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In an unpublished opinion issued on April 11, 2016, the Court of Appeals for the Fourth Circuit held in The Travelers Indemnity Co. of Am. v. Portal Healthcare Solutions, L.L.C. ( that Travelers must defend a medical records company, Portal Healthcare, in a putative class action pending in New York state court alleging data breaches.

The underlying class action alleged that, between November 2012 and March 2013, Portal Healthcare negligently failed to secure a server containing confidential records for patients at a facility in New York. This, in turn, made the records available for anyone to view online without a password. When two patients searched for themselves on Google, they discovered that their medical records were publicly available. Travelers Indem. Co. of Am. v. Portal Healthcare Solutions, L.L.C., 35 F. Supp. 3d 765, 768 (E.D. Va. 2014).

Travelers issued two commercial general liability policies to Portal Healthcare between January 2012 and January 2014. The policies required Travelers to defend and indemnify Portal Healthcare for injuries arising from the "electronic publication of material that ... gives unreasonable publicity to a person’s private life," or the "electronic publication of material that ... discloses information about a person’s private life."

Travelers brought a declaratory action in July 2013 seeking a judgment that it was not obligated to defend Portal Healthcare against the class action because the class action failed to allege a covered publication by Portal Healthcare. The district court rejected this argument, reasoning that making confidential medical records publicly available on the internet: (i) was within the plain meaning of publication; and (ii) gave unreasonable publicity to and disclosure of information about patients’ private lives. Thus, the court held that Travelers was required to defend Portal Healthcare in the underlying class action.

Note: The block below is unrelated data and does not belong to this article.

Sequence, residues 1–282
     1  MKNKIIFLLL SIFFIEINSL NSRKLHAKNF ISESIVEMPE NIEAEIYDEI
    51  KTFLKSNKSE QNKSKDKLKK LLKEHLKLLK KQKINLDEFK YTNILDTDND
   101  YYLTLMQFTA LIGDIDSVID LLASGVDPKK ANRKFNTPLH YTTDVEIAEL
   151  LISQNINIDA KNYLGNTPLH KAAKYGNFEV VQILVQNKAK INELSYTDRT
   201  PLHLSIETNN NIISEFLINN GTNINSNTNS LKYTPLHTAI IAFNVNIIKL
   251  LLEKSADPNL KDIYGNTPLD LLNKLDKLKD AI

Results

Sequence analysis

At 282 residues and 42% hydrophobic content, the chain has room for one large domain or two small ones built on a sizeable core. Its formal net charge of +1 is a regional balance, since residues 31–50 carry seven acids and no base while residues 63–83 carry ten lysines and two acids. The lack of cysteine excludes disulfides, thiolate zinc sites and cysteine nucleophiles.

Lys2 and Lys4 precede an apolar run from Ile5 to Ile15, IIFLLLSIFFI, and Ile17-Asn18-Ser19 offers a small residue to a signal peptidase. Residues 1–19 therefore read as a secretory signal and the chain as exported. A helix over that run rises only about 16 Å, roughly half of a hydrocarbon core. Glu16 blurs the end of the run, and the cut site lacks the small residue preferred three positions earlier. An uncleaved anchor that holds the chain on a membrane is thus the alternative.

Travelers appealed and, in a per curiam decision, the Fourth Circuit affirmed the district court’s decision, "commend[ing] the district court for its sound legal analysis." The Travelers Indem. Co. of Am. v. Portal Healthcare Solutions, L.L.C., No. 14-1944, at 6. Adopting the district court’s reasoning, the Fourth Circuit stated that "the class-action complaint ‘'t least potentially or arguably' alleges a 'publication' of private medical information by Portal that constitutes conduct covered under the policies." Thus, the court concluded that Travelers has a duty to defend Portal Healthcare against the class action complaint.

The Fourth Circuit’s decision is a departure from the approach of other courts, which have held that a traditional commercial general liability policy does not cover damages from data breaches.

Most importantly, however, this case highlights that as more and more companies incur significant expenses and become the targets of law suits as a result of data breaches, it is essential to revisit your insurance coverage to determine whether such a data breach is covered by an existing, traditional policy or if you need additional, more specialized coverage.